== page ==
A big week for state-sponsored online gambling

“Around the world, people are shifting their gambling from traditional slot machines and tables to online and mobile devices,”  David G. Schwartz, director of the Center for Gaming Research at the University of Nevada, Las Vegas. (via Philadelphia Inquirer)

States are battling to get control of gambling via the Internet. Nevada, which has the largest casino-based gambling business, passed legislation this week that allows it to grant licenses for online gambling and to enter multi-state pacts to extend the reach of its licensees. Meanwhile, New Jersey is queuing up legislation to jump into the online gambling race. Delaware was the first state to allow online gambling, but it has a more restrictive approach that requires that players reside in the state.

Online gaming is being built on a broad foundation of national gambling. The Rockefeller Institute laid it out in a 2010 report:

Currently, 43 states operate lotteries, 15 allow commercial casinos, 12 have racinos [a combined race track and casino], and over 40 states allow pari-mutuel wagering [a group bets against each other, rather than the house or race track]. Lotteries and casinos generate the bulk of gambling-related revenues. While traditional casinos experienced dramatic growth during the 1990s, much of that growth has shifted to racinos in recent years as more states have approved such facilities. Pari-mutuel betting, once the major source of gambling revenue for states, now represents less than 1 percent of the total.

Gambling revenues for states was about $24 billion in 2010, with lotteries earning about 73 percent of over-all proceeds. Casino revenues have been flat. A new luxury casino, Revel, declared bankruptcy this week after garnering minimal business in the saturated Atlantic City market.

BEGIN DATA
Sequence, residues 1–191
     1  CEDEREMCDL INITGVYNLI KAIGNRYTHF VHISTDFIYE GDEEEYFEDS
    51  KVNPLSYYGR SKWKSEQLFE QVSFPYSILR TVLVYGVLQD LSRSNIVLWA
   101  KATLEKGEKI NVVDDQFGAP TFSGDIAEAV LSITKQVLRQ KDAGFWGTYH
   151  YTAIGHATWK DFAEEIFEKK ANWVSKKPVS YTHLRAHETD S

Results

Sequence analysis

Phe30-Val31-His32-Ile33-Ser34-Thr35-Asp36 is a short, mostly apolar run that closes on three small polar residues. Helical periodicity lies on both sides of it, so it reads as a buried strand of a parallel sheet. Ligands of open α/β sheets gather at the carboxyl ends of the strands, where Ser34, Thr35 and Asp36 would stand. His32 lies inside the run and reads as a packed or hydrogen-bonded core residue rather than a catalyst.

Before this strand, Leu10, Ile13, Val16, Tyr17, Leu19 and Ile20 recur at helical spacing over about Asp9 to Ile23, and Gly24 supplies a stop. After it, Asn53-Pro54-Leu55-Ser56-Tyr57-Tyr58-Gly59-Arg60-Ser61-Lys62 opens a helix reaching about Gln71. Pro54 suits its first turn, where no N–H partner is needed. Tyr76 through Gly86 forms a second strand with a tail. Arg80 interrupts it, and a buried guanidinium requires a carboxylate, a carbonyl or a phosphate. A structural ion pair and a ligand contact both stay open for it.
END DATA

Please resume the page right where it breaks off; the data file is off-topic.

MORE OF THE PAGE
Time to begin fixing Detroit’s fiscal problems

Political moves have drawn some financial data to the surface about Detroit as the city’s long spiral downward continues. Detroit’s Financial Review Team, appointed by Michigan Governor Rick Snyder, filed its report after a study of the ailing city’s finances.

The review team essentially gave the city an “F” and pointed to multiple instances where actual spending did not match budgeted spending (see Table 3 in the Report). Part of this is because Detroit public officials had very little control of the budget process and the city has substantial deficits and declining revenues. However, one bright spot in the numbers is how city’s expenditures have been declining. You can see this in the chart below:

These numbers don’t look like the city has problems, but they also don’t tell the entire story. There are other expenses that have created deficits. There have been bond offerings to fill the deficits, which have increased annual debt service to about $150 million per year. But operationally a lot of credit must be given to Detroit Mayor Dave Bing for tightening the fiscal ship.

Is there any substance behind Obama’s infrastructure proposal?

In his State of the Union address, President Obama sketched a broad outline of the need to rebuild 70,000 “structurally deficient” bridges and other infrastructure in the country, but never got more specific. In a follow up, the White House announced the specifics of his infrastructure proposal.

The sum of his proposal, $50 billion, is barely enough to excite a huge amount of support or a significant fight in Congress. For 2013 the budget of the Department of Transportation is $98 billion. State and local governments issued $54 billion of municipal bonds to fund transportation last year. The president’s proposal is about 1/3 of current annual transportation spending, and he proposes no way to pay for it. It’s rhetorical fluff meant to sound good to voters, but it has little chance of going anywhere.